Grapevine:
It is unofficial, friendly and casual. It is based on common interests and attitudes. It helps to satisfy social needs of employees and to build relationships. For example, during the lunch break, employees working in different departments of an organization may discuss new leave rules.

Networks of Communication:
The pattern used to share information is known as communication network. Members of an organisation use various types of communication flows as per their needs. In some organizations there are prescribed networks for communication. Main types of communication networks are given below:
1. Vertical Network: This network is used for communication between a superior and a subordinate. It is a two-way communication in which immediate-feedback can be available
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2. Circuit Network : When two employees at the same level of authority communicate with each other, it is a circuit network.
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3. Chain Network: In this network, communication flows through the chain of command. The message flows from the chief executive downward to different levels of employees. In the following, diagram A gives command to B, C, D, E, F and G working at different levels in the hierarchy. In chain network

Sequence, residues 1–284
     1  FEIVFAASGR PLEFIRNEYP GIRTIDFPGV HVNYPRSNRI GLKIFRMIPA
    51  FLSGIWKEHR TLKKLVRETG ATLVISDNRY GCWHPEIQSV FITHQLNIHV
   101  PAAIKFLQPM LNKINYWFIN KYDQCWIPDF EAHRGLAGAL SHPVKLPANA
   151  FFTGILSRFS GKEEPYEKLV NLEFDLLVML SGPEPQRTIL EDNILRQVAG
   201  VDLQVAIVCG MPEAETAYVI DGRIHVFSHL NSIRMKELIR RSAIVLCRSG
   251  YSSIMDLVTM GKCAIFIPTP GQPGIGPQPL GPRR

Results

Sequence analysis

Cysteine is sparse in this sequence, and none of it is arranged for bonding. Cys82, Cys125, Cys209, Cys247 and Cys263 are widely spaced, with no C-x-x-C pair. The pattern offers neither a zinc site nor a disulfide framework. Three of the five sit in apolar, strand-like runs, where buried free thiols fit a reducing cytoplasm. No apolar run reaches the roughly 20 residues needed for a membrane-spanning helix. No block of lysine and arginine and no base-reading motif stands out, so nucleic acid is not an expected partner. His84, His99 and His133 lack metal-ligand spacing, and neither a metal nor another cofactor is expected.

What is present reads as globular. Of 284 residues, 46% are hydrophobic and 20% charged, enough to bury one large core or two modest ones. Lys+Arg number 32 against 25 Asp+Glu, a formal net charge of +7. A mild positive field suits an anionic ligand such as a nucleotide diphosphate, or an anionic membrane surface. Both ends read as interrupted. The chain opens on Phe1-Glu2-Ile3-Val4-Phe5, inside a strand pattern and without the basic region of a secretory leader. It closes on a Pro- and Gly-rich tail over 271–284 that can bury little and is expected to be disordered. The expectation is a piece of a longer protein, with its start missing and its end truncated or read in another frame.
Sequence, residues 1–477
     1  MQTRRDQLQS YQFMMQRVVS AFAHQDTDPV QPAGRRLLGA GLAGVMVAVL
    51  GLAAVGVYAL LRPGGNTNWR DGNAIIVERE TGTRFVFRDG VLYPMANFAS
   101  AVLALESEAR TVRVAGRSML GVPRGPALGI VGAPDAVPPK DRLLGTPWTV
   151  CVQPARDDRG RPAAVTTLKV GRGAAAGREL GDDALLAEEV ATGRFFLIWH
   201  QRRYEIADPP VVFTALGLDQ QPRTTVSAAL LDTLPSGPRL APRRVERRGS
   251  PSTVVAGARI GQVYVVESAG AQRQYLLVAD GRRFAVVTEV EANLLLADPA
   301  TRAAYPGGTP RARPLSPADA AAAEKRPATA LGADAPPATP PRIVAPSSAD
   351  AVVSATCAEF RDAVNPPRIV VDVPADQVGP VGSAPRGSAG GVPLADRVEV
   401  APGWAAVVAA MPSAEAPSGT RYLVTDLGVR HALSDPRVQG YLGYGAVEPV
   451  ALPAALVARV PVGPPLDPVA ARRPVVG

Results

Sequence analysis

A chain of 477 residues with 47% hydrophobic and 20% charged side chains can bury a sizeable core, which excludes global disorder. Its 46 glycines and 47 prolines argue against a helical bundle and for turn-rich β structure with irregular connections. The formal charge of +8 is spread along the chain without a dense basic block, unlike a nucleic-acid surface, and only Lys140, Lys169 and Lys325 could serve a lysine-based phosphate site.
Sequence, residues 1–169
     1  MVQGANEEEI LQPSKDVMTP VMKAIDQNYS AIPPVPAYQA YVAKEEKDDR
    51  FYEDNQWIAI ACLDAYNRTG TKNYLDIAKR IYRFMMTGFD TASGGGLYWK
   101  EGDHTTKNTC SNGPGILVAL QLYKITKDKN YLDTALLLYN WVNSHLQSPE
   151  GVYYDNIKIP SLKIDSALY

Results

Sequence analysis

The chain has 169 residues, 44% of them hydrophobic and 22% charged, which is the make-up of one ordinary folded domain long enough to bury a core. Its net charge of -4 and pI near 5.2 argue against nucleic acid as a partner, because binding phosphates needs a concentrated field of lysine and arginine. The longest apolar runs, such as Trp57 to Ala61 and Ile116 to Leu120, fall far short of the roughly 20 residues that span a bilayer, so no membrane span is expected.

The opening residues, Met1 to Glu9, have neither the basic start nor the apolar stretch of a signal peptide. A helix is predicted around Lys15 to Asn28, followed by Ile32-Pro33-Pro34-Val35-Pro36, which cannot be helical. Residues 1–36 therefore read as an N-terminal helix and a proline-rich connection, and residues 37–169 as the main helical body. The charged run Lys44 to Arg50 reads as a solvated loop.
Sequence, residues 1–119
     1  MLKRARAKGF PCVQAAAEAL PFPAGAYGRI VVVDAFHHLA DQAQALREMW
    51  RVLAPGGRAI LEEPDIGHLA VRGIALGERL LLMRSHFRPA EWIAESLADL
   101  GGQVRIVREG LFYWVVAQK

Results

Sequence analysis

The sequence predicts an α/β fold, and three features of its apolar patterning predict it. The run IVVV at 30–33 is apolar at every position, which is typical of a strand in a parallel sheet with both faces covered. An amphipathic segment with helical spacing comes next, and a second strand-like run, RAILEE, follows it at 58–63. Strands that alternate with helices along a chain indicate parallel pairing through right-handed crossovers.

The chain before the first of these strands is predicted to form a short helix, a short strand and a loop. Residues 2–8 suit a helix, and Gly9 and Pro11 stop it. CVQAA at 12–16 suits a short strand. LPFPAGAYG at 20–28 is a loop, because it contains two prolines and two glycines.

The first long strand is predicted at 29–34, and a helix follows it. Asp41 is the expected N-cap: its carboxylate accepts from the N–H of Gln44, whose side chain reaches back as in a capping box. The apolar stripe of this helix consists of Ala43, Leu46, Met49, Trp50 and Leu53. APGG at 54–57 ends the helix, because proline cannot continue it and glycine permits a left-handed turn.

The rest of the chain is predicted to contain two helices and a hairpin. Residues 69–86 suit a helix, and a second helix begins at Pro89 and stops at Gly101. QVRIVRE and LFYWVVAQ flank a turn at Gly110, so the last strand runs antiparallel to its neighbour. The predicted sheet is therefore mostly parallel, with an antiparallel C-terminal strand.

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Communication gets delayed as it has to pass through several layers. Communication may be distorted due to filtering at various levels.

Nature, Process and Types of Communication – CA Foundation BCR Notes

4. Wheel: In this network, a single authority gives orders and instructions to all the employees around him. They also report directly to him. This network may be efficient for a small organization provided the central authority is competent. But in a large organization all decisions cannot be taken by one person.
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5. Star Network : In this network members of an organization communicate through multiple channels. They exchange information with each other freely without any obstacle. Star network encourages group communication and teamwork in the organization.